Our Hunting World

A Visit to Scarteen

People

Blue Ridge Fall Races Supporting Injured Jockeys Fund

jockeys(l-r) Jockeys Robbie Walsh, Willie McCarthy, and Jeff Murphy greet a couple of young racegoers in support of the Injured Jockeys Fund. / Kathy Rubin photo

At the Calcutta party the night before the Blue Ridge Fall Races this year, racegoers will bid on the jockeys instead of the horses. A number of jockeys—among them Robbie Walsh, Willie McCarthy, Jeff Murphy, Kieran Norris, and Zoe Valvo—will attend the affair to mingle with the crowd and help promote their very own cause, the American Steeplechase Injured Jockeys Fund.

The Calcutta will take place on Friday night, September 19, 2014, and the races will go off on Saturday, September 20. The Blue Ridge Fall Races traditionally support local charities, but this year a portion of the race revenues will be donated to the Injured Jockeys Fund, a relatively recent endeavor that is gaining momentum under enthusiastic leadership.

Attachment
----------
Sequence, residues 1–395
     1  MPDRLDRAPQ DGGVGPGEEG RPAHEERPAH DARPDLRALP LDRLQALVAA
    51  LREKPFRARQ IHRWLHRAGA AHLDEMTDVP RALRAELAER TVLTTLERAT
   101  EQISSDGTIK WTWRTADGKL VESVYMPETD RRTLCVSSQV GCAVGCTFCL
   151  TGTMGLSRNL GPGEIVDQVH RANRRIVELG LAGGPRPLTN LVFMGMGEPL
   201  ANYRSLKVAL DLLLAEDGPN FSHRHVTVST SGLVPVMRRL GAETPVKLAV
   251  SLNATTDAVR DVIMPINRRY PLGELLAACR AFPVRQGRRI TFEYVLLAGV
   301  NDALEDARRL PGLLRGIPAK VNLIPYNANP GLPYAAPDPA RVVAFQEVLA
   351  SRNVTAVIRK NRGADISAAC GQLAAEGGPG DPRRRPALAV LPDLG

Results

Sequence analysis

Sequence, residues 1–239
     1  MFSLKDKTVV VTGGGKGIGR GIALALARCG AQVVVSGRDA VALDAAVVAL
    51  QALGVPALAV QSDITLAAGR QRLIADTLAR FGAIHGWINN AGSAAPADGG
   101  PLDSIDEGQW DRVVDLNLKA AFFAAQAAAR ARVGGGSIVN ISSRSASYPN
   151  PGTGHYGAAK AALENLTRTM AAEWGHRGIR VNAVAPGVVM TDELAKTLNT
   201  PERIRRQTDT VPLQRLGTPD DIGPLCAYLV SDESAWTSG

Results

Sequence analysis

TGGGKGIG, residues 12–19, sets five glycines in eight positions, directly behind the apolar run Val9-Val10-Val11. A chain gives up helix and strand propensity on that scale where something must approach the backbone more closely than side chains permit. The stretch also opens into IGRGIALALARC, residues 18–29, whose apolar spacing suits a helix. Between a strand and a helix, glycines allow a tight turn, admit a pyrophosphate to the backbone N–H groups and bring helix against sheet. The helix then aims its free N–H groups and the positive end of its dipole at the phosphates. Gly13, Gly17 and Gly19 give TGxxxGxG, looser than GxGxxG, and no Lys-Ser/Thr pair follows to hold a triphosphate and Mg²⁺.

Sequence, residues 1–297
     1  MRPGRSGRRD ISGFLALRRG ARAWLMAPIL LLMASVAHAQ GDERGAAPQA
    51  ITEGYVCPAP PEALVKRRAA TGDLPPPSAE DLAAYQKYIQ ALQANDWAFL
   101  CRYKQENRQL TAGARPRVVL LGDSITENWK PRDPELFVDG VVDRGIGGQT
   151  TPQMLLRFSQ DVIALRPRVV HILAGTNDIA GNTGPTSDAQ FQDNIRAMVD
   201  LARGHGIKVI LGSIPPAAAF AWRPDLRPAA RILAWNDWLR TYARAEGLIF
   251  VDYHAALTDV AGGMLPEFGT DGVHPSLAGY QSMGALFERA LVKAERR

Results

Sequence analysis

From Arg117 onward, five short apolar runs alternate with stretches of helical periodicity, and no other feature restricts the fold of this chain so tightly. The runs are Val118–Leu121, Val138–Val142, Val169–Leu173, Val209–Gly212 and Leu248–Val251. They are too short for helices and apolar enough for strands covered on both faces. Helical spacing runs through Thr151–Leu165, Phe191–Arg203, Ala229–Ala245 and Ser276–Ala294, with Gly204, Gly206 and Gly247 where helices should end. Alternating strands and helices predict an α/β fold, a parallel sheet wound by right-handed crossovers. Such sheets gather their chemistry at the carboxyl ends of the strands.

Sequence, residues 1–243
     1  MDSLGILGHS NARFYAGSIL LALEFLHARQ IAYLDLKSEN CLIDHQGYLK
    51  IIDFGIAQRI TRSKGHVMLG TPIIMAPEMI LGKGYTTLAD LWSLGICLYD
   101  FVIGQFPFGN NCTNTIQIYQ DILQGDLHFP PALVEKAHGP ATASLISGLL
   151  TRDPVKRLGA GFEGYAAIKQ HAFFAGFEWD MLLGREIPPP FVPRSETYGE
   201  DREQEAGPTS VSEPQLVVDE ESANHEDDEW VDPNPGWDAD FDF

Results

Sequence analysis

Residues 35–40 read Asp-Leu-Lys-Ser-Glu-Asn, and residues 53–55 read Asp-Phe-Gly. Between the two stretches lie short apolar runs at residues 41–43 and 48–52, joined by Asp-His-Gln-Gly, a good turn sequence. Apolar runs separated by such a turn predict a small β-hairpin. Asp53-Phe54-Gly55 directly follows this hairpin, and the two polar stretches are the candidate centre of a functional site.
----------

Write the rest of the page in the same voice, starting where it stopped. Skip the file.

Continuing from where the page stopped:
For every jump jockey who rides races it’s not a question of if; it’s a question of how often he or she will fall and whether or not there will be injuries. With thousand pound Thoroughbred racehorses all galloping to the same fences at thirty-five miles an hour, falls and injuries are part and parcel of the game. And some injuries turn out to be life-changers for the jockey.